Sloped bottom on the drain tanks, in two directions. So the drain is the lowest point if the coach ends up with one corner down. So if the coach ends up off-level for a while, you dont get funky stunky sulphur smelling bacteria in the part of the tanks that can't drain.

You can buy a commercial spray nozzle for cleaning the blackwater tanks. Step on the pedal and blast the clingier contents of the tank all over the bathroom and the guy operating the nozzle. Yeah, right, buddy. If you are building your own tank from scratch, consider building a spray sytem in.
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NewbeeMC9
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« Reply #11 on: December 28, 2007, 12:19:23 PM »

Vent thru the roof, not the bay , trust me Shocked,  try to use two vents so you can get flow.

use unions and valves, cause you will have reason to remove it if you don't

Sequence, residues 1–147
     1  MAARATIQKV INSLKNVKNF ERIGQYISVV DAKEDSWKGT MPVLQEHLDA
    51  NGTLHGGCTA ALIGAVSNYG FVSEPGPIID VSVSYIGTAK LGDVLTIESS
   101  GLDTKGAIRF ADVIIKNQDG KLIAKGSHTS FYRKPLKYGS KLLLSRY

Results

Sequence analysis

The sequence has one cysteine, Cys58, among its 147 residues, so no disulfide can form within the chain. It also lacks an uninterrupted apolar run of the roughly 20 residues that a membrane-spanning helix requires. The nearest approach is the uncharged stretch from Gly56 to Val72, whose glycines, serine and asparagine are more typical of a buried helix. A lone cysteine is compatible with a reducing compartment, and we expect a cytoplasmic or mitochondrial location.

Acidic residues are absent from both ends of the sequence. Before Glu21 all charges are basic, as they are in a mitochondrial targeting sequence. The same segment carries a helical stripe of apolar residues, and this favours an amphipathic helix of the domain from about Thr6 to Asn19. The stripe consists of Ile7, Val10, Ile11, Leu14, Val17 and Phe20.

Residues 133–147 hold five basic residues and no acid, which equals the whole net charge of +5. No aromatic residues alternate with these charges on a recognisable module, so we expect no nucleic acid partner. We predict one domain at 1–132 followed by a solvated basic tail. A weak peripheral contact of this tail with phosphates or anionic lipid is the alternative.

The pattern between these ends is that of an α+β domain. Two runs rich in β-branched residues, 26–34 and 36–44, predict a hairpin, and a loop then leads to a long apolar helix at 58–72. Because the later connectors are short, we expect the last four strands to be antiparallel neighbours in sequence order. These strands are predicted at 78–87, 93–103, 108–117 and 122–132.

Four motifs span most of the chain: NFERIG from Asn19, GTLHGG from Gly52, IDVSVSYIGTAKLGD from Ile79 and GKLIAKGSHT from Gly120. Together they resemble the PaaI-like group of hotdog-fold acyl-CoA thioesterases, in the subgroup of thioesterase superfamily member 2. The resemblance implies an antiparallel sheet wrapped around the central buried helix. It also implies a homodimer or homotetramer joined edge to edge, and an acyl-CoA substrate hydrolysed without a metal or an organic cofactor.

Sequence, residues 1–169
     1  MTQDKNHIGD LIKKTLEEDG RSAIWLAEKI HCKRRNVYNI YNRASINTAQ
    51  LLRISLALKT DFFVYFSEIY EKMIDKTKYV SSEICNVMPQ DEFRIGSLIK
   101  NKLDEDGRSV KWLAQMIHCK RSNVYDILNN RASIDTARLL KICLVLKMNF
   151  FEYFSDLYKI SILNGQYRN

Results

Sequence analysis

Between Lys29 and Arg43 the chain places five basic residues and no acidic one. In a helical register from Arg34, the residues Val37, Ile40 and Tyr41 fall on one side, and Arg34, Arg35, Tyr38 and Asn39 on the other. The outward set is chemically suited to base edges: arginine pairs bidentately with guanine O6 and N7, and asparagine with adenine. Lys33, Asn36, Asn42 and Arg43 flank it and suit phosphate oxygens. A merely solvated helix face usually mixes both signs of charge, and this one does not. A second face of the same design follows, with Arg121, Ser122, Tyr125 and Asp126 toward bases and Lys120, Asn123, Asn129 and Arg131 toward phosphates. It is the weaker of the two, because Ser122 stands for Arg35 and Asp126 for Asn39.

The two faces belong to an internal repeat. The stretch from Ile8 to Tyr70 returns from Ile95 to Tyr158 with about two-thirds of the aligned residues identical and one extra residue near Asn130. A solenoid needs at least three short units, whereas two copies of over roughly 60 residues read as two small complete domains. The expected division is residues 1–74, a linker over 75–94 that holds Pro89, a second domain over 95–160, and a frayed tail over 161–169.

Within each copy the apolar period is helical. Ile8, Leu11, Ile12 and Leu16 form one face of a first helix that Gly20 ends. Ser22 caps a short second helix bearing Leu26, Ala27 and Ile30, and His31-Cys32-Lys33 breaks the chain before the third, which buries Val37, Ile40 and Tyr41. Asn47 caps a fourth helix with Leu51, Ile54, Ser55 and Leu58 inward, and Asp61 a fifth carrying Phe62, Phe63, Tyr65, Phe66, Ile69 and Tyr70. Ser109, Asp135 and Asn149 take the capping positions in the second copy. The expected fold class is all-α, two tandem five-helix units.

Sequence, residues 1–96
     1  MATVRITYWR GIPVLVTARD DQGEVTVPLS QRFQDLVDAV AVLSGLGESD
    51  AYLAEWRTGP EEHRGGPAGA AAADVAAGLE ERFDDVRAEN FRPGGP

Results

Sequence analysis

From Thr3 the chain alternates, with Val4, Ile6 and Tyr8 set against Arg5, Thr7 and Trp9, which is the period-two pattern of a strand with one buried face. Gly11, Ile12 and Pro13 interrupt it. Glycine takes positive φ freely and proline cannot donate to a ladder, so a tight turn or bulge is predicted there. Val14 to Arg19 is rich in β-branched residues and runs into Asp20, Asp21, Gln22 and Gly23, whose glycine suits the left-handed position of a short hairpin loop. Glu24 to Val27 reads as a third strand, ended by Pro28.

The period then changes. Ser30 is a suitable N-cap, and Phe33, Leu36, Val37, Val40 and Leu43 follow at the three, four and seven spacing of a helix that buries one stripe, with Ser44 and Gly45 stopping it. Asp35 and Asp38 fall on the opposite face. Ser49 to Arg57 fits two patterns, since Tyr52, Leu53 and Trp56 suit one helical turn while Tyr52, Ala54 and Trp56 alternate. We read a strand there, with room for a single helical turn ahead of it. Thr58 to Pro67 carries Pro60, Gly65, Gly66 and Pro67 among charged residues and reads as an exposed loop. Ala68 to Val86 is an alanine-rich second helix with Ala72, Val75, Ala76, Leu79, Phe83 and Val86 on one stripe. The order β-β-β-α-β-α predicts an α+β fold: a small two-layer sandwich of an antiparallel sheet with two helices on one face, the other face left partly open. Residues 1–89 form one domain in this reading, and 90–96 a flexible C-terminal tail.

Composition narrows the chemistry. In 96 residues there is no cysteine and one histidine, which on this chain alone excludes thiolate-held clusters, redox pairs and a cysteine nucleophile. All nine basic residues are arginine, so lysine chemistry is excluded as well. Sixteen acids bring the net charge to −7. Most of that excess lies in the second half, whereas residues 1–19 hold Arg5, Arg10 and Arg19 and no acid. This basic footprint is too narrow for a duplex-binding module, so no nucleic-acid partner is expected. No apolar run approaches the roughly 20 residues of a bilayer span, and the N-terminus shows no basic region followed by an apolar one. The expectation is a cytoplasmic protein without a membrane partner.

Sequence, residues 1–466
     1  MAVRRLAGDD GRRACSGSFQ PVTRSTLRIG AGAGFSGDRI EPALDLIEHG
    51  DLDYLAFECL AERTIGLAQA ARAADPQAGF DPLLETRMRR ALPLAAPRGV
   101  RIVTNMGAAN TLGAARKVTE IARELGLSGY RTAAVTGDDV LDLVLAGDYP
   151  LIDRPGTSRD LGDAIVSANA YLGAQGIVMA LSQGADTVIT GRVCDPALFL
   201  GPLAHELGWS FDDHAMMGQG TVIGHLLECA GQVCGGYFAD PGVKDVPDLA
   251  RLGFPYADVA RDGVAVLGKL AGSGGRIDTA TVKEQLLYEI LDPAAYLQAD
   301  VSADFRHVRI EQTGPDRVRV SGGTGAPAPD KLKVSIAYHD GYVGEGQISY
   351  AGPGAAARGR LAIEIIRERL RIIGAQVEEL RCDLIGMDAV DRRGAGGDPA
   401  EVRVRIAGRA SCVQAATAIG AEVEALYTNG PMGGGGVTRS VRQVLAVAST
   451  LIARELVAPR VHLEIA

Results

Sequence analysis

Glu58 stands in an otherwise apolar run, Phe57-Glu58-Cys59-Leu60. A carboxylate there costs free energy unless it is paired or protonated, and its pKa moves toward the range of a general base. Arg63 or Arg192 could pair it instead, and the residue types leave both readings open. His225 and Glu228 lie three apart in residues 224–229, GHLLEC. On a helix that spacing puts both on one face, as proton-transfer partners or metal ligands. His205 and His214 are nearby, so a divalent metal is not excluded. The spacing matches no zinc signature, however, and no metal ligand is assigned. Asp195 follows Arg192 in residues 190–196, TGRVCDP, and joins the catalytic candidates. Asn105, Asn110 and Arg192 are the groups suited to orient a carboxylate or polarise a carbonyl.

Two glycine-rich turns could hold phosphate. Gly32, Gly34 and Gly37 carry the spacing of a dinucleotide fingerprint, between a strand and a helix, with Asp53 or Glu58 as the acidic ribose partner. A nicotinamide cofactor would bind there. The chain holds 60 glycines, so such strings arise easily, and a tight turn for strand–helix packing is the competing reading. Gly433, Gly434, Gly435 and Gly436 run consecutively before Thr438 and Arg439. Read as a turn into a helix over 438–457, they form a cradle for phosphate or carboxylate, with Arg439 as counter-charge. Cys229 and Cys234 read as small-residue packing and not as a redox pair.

make plumbing as accessible as possible,

dry fit it and pretend with it befor you commit to it.

lay out you bus with masking tape and cardboard before you start.  check alignment with bays etc, mark tanks and wiring etc.  easier to change your mind that way

Jack Conrad had a good thread going on this, type thing

remember everything seems to affect everything on these buses. 

good luck
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TomC
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« Reply #12 on: December 28, 2007, 02:35:50 PM »

Everything on my plumbing system I would do again, but now have to use PEX.  I used QEST, but haven't had any problems with it (not to say that I won't).
130gal water tank with two Surflo quiet pumps in parallel for better flow when washing dishes and someone else is showering along with the redundancy of having two pumps.  Have 2-10gal elec water heaters straight from HD that are plumbed one into the next with the final water heater wired through the inverter for hot water going down the road.
85gal gray water (would go 120 gal next time), 45 gal black water (more than enough for a week). 
I custom made copper manifold fresh water system for both the hot and cold with separate ball valves for each usage-very glad I did that.